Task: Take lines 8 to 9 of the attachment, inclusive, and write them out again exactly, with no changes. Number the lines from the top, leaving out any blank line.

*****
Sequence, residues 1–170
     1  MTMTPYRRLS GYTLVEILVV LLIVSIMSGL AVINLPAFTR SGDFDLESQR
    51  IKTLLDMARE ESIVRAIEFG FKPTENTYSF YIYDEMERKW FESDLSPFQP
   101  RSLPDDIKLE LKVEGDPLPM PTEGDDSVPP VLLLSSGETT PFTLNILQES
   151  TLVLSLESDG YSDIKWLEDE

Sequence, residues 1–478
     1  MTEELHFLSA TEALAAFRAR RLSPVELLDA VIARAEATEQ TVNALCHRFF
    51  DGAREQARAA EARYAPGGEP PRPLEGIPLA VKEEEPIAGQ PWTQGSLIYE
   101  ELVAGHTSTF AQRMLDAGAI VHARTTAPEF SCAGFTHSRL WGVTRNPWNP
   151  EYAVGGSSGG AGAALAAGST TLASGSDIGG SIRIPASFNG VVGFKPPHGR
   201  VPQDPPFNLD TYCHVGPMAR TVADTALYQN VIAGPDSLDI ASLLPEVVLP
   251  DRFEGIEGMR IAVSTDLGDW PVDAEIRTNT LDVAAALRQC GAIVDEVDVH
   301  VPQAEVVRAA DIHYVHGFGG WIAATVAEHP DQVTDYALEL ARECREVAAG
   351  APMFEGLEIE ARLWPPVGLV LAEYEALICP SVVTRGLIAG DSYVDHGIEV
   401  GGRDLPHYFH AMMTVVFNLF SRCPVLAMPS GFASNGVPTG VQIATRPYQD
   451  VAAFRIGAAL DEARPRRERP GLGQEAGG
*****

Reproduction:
    51  DGAREQARAA EARYAPGGEP PRPLEGIPLA VKEEEPIAGQ PWTQGSLIYE
   101  ELVAGHTSTF AQRMLDAGAI VHARTTAPEF SCAGFTHSRL WGVTRNPWNP